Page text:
site logo

The Fool's Cap Trap


Of all oddities of the trap kind, there is, perhaps, no one more

novel and comical than the Fool's Cap crow-trap, which forms

the subject of our present illustration. Crows are by no means

easy of capture in any form of trap, and they are generally as

coy and as shrewd in their approach to a trap as they are bold in

their familiarity and disrespect for the sombre scarecrows in the

com field. But this simple device will
often mislead the smartest

and shrewdest crow, and make a perfect fool of him, for it is

hard to imagine a more ridiculous sight than is furnished by the

strange antics and evolutions of a crow thus embarrassed with his

head imbedded in a cap which he finds impossible to remove, and

which he in vain endeavors to shake off by all sorts of gymnastic

performance. The secret of the little contrivance is easily told.

The cap consists of a little cone of stiff paper, about three or

four inches in diameter at the opening. This is imbedded in the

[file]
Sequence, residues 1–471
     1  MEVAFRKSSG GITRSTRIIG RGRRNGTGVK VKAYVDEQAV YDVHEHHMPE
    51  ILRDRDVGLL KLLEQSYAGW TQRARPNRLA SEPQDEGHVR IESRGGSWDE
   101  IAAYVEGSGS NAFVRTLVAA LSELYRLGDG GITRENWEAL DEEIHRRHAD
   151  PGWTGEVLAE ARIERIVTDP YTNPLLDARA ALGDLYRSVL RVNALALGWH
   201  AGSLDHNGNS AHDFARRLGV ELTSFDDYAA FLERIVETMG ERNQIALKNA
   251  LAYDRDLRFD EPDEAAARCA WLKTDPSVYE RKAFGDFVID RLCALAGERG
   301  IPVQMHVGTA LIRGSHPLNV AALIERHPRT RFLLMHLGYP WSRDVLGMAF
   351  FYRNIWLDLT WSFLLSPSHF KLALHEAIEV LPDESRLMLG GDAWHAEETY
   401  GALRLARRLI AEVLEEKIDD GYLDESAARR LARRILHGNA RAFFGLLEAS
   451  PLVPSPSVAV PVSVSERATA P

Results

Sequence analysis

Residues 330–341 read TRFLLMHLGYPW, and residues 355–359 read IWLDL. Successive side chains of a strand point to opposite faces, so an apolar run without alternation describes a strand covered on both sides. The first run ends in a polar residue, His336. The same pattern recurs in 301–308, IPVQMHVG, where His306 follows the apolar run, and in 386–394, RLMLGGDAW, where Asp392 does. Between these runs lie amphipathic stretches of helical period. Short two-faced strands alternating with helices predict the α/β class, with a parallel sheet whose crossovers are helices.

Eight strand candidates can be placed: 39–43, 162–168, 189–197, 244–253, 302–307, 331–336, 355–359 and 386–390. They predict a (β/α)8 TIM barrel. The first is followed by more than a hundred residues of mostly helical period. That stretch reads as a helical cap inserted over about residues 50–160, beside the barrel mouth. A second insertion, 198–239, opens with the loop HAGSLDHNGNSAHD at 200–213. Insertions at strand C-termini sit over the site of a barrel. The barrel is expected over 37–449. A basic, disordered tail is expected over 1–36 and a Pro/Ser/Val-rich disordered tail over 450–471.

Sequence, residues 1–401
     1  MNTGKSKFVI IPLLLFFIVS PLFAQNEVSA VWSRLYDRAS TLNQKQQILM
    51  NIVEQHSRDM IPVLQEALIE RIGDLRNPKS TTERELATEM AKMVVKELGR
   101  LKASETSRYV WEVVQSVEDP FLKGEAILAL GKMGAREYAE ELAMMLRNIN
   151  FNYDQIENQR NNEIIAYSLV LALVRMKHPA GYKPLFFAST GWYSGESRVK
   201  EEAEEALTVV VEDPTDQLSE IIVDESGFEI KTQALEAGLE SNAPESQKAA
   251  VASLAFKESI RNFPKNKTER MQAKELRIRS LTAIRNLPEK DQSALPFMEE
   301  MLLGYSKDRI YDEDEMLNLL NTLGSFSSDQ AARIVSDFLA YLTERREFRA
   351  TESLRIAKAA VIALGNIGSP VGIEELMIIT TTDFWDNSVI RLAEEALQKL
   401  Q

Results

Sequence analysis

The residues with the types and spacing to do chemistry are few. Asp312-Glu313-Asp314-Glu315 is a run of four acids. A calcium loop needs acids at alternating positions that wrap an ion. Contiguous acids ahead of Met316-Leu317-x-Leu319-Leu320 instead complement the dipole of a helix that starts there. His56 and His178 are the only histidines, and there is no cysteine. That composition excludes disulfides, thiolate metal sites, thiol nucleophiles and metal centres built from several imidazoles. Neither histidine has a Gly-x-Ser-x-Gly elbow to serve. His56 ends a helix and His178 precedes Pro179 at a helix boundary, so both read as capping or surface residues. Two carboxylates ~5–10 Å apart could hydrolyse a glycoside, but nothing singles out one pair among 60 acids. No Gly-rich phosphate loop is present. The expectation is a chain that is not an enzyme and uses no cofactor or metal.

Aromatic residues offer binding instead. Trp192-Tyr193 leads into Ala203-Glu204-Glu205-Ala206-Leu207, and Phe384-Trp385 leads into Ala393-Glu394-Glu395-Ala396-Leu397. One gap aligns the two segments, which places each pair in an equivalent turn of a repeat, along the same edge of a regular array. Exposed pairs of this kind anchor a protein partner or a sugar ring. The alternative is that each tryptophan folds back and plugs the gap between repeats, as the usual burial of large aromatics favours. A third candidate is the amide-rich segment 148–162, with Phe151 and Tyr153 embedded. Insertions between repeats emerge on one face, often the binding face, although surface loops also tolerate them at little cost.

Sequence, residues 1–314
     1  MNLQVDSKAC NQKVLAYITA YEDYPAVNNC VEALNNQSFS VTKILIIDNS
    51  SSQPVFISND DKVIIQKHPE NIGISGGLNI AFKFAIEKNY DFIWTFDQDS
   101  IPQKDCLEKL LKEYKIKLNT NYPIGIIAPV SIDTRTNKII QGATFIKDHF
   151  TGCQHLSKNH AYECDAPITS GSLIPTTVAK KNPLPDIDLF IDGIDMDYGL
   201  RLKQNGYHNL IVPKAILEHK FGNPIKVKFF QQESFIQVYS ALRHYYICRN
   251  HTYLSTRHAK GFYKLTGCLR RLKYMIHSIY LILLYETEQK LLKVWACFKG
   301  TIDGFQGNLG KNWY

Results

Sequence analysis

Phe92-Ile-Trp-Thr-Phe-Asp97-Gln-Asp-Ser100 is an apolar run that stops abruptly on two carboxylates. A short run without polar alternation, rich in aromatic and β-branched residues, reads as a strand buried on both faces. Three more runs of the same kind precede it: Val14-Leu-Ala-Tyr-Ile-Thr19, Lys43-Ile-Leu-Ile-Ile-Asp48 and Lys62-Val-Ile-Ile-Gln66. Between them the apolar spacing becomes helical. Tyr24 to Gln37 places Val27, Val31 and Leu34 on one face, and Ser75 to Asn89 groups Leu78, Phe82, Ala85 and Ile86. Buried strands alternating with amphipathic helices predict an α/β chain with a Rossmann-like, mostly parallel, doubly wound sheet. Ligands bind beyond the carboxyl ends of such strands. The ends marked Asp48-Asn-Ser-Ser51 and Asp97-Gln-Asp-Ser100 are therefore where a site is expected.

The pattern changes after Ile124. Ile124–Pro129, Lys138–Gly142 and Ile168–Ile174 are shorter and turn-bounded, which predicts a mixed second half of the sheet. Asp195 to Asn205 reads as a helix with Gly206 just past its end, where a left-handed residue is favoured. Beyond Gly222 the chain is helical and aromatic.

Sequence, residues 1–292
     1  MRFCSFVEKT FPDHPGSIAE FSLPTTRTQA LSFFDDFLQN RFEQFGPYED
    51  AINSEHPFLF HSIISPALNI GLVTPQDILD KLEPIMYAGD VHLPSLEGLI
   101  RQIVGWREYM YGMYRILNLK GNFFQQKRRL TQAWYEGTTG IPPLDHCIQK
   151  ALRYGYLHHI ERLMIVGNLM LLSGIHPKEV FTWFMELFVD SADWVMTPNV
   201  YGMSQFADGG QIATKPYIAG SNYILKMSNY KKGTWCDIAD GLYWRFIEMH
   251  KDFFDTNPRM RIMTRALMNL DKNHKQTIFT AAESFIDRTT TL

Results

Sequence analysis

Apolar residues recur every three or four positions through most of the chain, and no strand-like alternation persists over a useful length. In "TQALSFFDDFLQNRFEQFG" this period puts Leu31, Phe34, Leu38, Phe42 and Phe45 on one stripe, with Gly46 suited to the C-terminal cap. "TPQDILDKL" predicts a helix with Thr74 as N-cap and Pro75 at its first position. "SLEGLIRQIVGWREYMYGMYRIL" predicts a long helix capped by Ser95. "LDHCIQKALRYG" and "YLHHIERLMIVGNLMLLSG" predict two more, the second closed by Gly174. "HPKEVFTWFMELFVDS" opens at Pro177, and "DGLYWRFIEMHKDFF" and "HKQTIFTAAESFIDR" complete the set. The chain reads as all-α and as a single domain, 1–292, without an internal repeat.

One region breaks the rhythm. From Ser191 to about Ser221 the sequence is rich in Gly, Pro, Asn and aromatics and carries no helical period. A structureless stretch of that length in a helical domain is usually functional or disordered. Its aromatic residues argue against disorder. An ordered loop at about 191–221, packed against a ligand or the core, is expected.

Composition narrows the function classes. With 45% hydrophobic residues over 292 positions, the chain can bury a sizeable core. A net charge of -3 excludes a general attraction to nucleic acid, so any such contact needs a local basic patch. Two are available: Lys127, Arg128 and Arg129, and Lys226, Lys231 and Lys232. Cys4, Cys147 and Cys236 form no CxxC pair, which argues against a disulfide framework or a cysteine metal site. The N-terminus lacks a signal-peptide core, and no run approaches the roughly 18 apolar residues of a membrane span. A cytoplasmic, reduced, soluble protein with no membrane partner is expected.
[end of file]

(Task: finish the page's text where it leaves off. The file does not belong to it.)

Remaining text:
ground, up to its edge, and a few grains of corn are dropped into

it. The inside edge of the opening is then smeared with bird-lime,

a substance of which we shall speak hereafter.

The crow, on endeavoring to reach the corn, sinks his bill so deep

in the cone as to bring the gummy substance in contact with the

feathers of his head and neck, to which it adheres in spite of

all possible efforts on the part of the bird to throw it off.

The cones may be made of a brownish-colored paper if they are to

be placed in the earth, but of white paper when inserted in the

snow. It is an excellent plan to insert a few of these cones in

the fresh corn hills at planting season, as the crows are always on

the watch at this time, and will be sure to partake of the tempting

morsels, not dreaming of the result. The writer has often heard

of this ingenious device, and has read of its being successfully

employed in many instances, but he has never yet had an opportunity

of testing it himself. He will leave it for his readers to experiment

upon for themselves.